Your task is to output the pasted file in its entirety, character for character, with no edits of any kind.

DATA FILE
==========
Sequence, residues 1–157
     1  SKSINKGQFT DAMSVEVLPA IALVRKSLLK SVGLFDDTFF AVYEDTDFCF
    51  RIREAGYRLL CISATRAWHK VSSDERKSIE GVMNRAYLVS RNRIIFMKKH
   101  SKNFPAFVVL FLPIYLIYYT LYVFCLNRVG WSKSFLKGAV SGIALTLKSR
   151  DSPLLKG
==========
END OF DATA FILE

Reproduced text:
Sequence, residues 1–157
     1  SKSINKGQFT DAMSVEVLPA IALVRKSLLK SVGLFDDTFF AVYEDTDFCF
    51  RIREAGYRLL CISATRAWHK VSSDERKSIE GVMNRAYLVS RNRIIFMKKH
   101  SKNFPAFVVL FLPIYLIYYT LYVFCLNRVG WSKSFLKGAV SGIALTLKSR
   151  DSPLLKG